First District Health Unit's Minot office offers free HIV testing for people with certain risk factors. You must have an appointment for an HIV test. When you arrive for the appointment, a nurse will visit with you first, and then administer the test. The test is done by collecting a small amount of blood from the finger. The results are available in about 15 minutes.
A test for HIV detects the presence of antibodies to the HIV virus. This is NOT a test for AIDS. The test does not tell you if you have AIDS; it does show if you have been infected with the virus which can cause AIDS.
A negative test result means that no HIV antibodies have been found in your blood because a) you have not been infected with the virus, or b) you are infected, but your body has not yet produced enough antibodies to result in a positive test. Antibodies may not develop for several weeks. You can still pass the infection on to others. A positive test result means HIV antibodies have been found in your blood. You have been infected with HIV, the virus that causes AIDS. You can pass the virus to other people during vaginal, anal, or oral sex, or while sharing drug needles. If you are pregnant or become pregnant, you could pass the virus on to your baby.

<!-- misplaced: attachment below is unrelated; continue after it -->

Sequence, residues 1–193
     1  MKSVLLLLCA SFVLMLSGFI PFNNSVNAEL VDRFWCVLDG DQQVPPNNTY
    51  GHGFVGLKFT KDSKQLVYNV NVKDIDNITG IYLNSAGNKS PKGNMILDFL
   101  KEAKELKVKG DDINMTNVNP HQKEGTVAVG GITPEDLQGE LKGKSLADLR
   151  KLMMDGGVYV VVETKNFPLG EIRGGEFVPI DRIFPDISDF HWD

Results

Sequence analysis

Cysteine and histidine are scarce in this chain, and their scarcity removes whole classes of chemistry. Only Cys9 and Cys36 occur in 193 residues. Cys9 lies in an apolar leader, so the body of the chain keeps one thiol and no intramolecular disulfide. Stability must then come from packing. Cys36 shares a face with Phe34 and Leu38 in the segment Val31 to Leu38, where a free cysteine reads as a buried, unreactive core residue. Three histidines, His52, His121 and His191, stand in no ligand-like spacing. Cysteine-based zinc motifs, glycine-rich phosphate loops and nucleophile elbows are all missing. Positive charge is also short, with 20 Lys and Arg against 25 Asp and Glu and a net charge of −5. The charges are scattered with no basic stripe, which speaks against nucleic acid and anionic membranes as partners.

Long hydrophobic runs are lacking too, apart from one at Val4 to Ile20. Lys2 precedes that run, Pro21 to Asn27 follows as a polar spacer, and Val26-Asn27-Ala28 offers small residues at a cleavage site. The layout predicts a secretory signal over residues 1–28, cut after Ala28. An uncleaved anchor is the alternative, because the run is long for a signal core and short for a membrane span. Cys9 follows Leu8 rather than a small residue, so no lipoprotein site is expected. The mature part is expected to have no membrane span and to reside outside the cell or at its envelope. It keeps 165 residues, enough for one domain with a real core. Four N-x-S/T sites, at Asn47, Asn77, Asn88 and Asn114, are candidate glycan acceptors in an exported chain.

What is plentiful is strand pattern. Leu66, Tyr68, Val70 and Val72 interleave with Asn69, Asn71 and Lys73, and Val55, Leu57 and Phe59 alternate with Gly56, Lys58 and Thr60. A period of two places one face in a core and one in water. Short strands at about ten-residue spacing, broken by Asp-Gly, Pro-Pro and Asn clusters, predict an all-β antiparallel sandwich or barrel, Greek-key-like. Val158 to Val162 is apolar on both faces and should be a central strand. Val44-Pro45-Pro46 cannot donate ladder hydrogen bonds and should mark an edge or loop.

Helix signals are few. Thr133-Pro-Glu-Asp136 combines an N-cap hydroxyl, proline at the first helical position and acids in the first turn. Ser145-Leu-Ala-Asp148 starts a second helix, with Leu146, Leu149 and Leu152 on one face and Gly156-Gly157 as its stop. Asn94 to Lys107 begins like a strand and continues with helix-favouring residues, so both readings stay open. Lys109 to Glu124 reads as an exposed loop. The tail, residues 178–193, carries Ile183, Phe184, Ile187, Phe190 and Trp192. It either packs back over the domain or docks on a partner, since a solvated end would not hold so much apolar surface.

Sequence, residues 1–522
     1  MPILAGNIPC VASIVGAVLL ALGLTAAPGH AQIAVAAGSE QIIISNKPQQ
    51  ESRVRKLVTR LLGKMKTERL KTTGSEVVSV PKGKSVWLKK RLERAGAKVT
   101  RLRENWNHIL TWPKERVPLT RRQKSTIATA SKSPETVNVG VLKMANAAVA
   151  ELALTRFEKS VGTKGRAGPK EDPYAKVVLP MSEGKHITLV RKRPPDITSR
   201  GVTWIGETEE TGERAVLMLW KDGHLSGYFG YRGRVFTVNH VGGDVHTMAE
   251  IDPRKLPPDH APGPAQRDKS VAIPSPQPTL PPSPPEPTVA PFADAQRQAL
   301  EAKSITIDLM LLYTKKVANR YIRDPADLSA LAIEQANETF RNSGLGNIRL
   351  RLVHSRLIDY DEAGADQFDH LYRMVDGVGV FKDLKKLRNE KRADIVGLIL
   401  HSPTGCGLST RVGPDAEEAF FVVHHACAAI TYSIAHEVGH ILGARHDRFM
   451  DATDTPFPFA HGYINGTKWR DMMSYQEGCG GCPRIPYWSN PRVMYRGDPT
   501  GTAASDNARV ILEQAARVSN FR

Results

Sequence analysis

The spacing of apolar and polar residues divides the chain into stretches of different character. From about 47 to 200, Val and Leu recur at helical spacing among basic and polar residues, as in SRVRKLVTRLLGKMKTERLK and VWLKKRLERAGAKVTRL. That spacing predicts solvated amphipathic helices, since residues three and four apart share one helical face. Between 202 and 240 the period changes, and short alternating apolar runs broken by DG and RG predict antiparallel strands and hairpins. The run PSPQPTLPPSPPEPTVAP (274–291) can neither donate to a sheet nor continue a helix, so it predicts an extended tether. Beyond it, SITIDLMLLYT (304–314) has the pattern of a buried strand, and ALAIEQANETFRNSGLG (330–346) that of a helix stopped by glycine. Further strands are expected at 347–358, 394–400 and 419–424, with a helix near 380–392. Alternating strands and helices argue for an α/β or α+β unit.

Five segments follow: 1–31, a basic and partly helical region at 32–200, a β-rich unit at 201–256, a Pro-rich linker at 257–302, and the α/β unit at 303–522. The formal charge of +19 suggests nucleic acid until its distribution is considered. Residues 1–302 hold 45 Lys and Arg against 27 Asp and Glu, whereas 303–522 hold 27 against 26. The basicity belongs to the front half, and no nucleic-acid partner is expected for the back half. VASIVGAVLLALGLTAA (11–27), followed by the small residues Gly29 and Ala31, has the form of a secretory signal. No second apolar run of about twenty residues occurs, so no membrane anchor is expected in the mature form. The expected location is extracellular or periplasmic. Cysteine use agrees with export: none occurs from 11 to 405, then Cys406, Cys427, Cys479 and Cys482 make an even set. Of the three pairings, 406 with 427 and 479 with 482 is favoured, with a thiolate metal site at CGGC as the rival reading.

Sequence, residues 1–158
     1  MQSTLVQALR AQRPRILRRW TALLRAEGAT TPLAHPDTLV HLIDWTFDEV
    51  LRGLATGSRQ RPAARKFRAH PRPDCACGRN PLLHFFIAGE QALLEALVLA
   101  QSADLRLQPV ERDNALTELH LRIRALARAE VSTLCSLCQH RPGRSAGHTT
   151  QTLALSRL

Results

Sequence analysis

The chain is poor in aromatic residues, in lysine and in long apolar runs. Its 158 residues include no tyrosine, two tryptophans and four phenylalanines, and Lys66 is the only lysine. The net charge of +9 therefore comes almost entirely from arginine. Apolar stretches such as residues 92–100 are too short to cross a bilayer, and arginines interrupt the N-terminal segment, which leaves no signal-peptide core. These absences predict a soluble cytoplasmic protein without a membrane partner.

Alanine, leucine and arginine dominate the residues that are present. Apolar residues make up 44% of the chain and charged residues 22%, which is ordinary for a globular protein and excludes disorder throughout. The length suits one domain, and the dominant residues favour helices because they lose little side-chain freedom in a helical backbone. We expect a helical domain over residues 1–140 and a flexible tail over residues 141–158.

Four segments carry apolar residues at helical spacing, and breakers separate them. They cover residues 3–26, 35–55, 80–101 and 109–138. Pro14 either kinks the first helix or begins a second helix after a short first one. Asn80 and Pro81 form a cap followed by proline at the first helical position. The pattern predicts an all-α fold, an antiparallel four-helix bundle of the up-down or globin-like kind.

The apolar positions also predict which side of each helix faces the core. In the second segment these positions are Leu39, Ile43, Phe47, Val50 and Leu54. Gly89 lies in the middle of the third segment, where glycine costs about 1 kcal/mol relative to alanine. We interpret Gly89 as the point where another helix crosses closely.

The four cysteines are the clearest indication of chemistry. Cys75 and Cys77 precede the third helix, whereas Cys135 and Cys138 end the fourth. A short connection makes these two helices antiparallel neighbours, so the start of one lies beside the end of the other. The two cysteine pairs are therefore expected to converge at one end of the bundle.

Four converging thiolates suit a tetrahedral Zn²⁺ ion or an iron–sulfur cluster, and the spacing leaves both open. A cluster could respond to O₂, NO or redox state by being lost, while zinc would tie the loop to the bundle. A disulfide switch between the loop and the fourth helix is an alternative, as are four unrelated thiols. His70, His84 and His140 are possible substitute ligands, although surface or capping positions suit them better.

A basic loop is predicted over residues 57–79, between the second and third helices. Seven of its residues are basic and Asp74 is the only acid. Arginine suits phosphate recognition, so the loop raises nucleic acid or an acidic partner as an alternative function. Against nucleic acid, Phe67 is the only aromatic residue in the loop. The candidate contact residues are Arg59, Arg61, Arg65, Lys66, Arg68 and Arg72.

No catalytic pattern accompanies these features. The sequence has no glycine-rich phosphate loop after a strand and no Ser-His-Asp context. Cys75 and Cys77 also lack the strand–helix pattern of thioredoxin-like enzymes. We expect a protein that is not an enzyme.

HIV infection doesn't just happen. You can't catch it like a cold or the flu. You won't get it through everyday contact with infected people at work, school, home or anywhere else. You get HIV by exposure to infected blood, semen, or vaginal fluids from another person. Once is all it takes!
If you answer "yes" to any of the following you should be tested:
Have you ever had unprotected sex (anal, vaginal, or oral) with a man or woman who:
- You know was infected with HIV?
- Injects or has injected drugs?
- Shared needles with someone who was infected?
- Had multiple sex partners?
- You normally wouldn't have sex with?
- Have you ever used needles or syringes that were used by anyone before you?
- Have you ever given or received sex for drugs or money?
- Did you or any of your partners receive treatment for hemophilia or have a blood transfusion or organ transplant from 1978 through 1985?
You can find more information on the North Dakota Department of Health's HIV/Aids webpage.